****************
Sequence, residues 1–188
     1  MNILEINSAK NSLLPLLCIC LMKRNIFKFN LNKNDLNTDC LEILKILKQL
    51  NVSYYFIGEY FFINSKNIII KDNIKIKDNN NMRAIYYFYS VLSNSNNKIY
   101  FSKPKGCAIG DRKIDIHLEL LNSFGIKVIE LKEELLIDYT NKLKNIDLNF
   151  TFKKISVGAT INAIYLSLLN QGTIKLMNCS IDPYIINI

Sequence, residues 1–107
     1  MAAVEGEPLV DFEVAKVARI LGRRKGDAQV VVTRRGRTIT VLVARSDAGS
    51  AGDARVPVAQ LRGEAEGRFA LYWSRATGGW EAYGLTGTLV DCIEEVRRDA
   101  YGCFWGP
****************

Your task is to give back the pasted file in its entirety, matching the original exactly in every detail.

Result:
Sequence, residues 1–188
     1  MNILEINSAK NSLLPLLCIC LMKRNIFKFN LNKNDLNTDC LEILKILKQL
    51  NVSYYFIGEY FFINSKNIII KDNIKIKDNN NMRAIYYFYS VLSNSNNKIY
   101  FSKPKGCAIG DRKIDIHLEL LNSFGIKVIE LKEELLIDYT NKLKNIDLNF
   151  TFKKISVGAT INAIYLSLLN QGTIKLMNCS IDPYIINI

Sequence, residues 1–107
     1  MAAVEGEPLV DFEVAKVARI LGRRKGDAQV VVTRRGRTIT VLVARSDAGS
    51  AGDARVPVAQ LRGEAEGRFA LYWSRATGGW EAYGLTGTLV DCIEEVRRDA
   101  YGCFWGP